Samuel S. Nova

Also Known As

  • Sam Nova

Game Credits


Impossible Mission (2007)   (IM Team)


Wizardry: Chapter 1 (2003)   (Programming)
Alone in the Dark: The New Nightmare (2001)   (Additional Programmer)
An American Tail: Fievel's Gold Rush (2001)   (Programming)
Micro Machines V3 (2000)   (Written by)
Championship Motocross Featuring Ricky Carmichael (1999)   (Programmers)
Earthworm Jim 1 & 2: The Whole Can 'O Worms (1996)   (Tools Programming)
Lollypop (1994)   (Tool Programming)
Cover Girl Strip Poker (1991)   (PC Programming)


Candy Cruncher (2001)   (Special Thanks)
Iridion 3D (2001)   (Special Thanks To)
Micro Machines 1 and 2: Twin Turbo (2000)   (Thanks to)
Turrican II: The Final Fight (1995)   (Special thanks to all contributing Rainbow Arts colleagues)


Impossible Mission (2007)   (IM Team)

Developer Biography

I have been programming games professionally since I finished my education in 1992, but my interest for games and programming goes back to 1981/82 when my dad bought a Sinclair ZX81, then later a Commodore C64 and an Amiga.

I would say I first really joined the games business back in 1992 where I and some of my friends started our own company in Denmark, called Brain Bug. At that time I was still rather 'green' regarding games development so most of the time at Brain Bug was Research & Development for me, and damn I learned a lot, things that I still use today.

The first real game project I worked on was Super Star Wars. I had to port it from Super Nintendo to PC. It was my first real project and I faced many problems, but eventually I managed to do an quite impressive and improved PC version of it, which I am still quite proud of today. Unfortunately, LucasArts decided not to release it.

In 1995 Brain Bug was bought up by Softgold and the whole team moved to Germany to start working for them. My first job at Softgold was to do some R&D on the Playstation to understand what this hardware was capable of. During my research I converted a PC title called VidGrid to the Playstation. Unfortunately the project was turned down by Sony. I also spent a lot of time working with compression on the PC, including images and movies.

After some time in Germany, I decided to move on and moved to Ireland where I joined Funcom Dublin. I stayed there almost 3 years and most of the time was spent working on Championship Motocross featuring Ricky Carmichael. The game got published by THQ in 1999, just after I left Funcom.

From Ireland the trip went to Switzerland 1999 where I founded Novalicious because I planned to work as a freelance games programmer. The reason why I moved to Switzerland was pretty simple, to share my life with Kirsten, the woman of my life. The very first project I got was MicroMachines V3 for GBC. All programming was done by me except from the menu system (same system as on the consoles) which was done by Manfred Trenz. The game was developed for THQ and released in 2000. The next job came shortly after finishing MMV3, I got a call from one of Funcom’s producers asking me to join them for 5 months to help working on CMX 2 (Championship Motocross.... 2), which I did. When the project was done, I went back to my family in Switzerland and started another project for a good friend of mine who had his own small games company in Denmark. The game was An American Tail: Fievel's Gold Rush for GBA, which got published in 2001 by Conspiracy Entertainment. After finishing Fievel, I scored my next job, a short time contract deal with DarkWorks. My job was to assist them with the Playstation version of Alone in the Dark 4, mainly with some compression methods.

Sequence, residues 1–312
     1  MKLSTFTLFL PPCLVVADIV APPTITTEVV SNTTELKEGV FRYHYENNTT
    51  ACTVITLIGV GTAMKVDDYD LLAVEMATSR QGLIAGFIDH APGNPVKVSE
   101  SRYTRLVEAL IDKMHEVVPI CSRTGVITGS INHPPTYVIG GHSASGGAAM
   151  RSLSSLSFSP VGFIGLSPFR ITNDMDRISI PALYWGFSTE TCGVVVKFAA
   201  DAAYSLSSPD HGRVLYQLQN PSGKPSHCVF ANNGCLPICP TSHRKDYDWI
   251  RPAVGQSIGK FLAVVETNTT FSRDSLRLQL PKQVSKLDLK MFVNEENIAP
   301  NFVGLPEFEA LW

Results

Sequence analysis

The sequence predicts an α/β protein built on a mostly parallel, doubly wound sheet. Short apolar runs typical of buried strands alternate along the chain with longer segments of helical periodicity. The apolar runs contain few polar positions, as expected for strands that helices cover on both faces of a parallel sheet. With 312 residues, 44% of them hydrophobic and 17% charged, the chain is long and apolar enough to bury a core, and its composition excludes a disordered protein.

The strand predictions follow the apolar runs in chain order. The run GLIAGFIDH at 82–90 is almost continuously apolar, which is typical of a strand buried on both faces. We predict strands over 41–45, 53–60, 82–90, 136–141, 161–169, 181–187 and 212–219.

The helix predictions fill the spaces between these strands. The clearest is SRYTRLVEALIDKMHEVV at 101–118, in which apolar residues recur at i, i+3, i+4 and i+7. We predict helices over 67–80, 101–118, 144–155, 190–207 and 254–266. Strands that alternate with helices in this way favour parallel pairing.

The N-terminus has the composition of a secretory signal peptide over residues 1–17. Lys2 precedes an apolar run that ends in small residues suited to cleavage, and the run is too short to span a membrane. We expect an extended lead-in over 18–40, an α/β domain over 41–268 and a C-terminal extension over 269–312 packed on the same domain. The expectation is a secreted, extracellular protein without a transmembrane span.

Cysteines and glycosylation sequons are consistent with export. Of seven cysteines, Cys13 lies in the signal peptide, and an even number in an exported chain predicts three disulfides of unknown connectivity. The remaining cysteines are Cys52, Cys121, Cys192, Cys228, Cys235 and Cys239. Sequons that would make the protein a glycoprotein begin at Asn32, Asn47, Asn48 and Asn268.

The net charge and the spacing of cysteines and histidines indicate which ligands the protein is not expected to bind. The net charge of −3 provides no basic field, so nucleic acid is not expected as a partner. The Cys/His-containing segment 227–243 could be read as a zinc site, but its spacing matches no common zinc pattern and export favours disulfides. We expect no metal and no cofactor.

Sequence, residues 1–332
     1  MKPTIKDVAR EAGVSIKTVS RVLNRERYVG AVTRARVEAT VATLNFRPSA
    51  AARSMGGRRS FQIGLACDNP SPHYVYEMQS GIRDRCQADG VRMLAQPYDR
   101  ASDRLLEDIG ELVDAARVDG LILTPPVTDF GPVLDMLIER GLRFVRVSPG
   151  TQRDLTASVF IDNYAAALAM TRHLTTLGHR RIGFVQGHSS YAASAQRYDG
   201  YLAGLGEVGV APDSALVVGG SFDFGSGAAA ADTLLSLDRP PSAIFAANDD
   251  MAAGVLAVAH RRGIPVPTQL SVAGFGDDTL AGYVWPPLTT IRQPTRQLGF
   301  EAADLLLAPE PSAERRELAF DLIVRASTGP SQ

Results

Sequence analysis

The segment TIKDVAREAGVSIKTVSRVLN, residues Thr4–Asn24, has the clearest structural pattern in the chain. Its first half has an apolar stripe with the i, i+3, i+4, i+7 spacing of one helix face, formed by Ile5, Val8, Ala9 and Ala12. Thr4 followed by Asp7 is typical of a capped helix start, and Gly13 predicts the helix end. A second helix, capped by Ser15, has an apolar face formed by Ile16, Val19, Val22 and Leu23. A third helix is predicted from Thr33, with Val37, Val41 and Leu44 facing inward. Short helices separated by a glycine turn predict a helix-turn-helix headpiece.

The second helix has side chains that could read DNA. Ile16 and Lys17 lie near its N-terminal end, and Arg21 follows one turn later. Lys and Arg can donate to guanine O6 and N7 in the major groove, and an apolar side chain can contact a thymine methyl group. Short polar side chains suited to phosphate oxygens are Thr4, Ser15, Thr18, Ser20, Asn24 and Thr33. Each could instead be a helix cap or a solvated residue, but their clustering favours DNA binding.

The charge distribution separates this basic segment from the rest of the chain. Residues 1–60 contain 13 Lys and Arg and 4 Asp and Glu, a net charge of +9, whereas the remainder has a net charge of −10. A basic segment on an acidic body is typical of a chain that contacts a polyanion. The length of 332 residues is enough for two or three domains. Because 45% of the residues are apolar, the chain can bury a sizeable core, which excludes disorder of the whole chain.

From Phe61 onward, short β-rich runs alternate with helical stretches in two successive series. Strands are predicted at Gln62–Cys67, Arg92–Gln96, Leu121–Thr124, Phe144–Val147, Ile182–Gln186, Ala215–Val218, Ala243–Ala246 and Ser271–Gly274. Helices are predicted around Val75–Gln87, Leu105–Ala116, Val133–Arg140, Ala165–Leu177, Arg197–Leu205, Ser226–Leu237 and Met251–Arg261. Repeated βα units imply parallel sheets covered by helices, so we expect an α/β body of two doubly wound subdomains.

In 2001, I moved into another area in the games business: mobile gaming. I did some contract work for THQ / Siemens where I implemented a GameAPI for Siemens’ very first Java phone. I designed and implemented all the native code, with support from Siemens who took care of the Java interface.

Later, I got contacted by Jürgen Goeldner who just founded Mobile Scope AG while I was working on the GameAPI. I decided to join Mobile Scope a few months later.

I worked at Mobile Scope as Technical Director. At the very beginning I worked as producer/coordinator on a few titles, and then my role changed as the company grew. Here I was in charge of the technical issues regarding development and helping internal and external development teams. I was also working on full game titles, either as single programmer, lead programmer or helping programmer. Some of the titles I was involved in that I'm proud of would be IonHawk and Wizardry. Mobile Scope was bought by In-Fusio early 2005.

In June 2005 I decided to leave Mobile Scope/In-Fusio to join Nephin Games. So early August 2005 I went to Ireland (again), this time to Galway to meet the people at Nephin. The main reasons for this move was thatduring the last 3 years I had been talking to the CEO (Alan Duggan) at Nephin and had a good feeling about the kind of games he wanted to make, and it appealed to me. This, together with a small company and good business plans, made things easy. I will still be working on mobile phones at Nephin but will also get involved with the server side of the games. To reflect my focus now, my title will be 'Director of Development - Devices'. Oh, and I'm very lucky as I will still be based in Switzerland.

Based on the bio on the novalicious website.

Last updated: Jan 06, 2006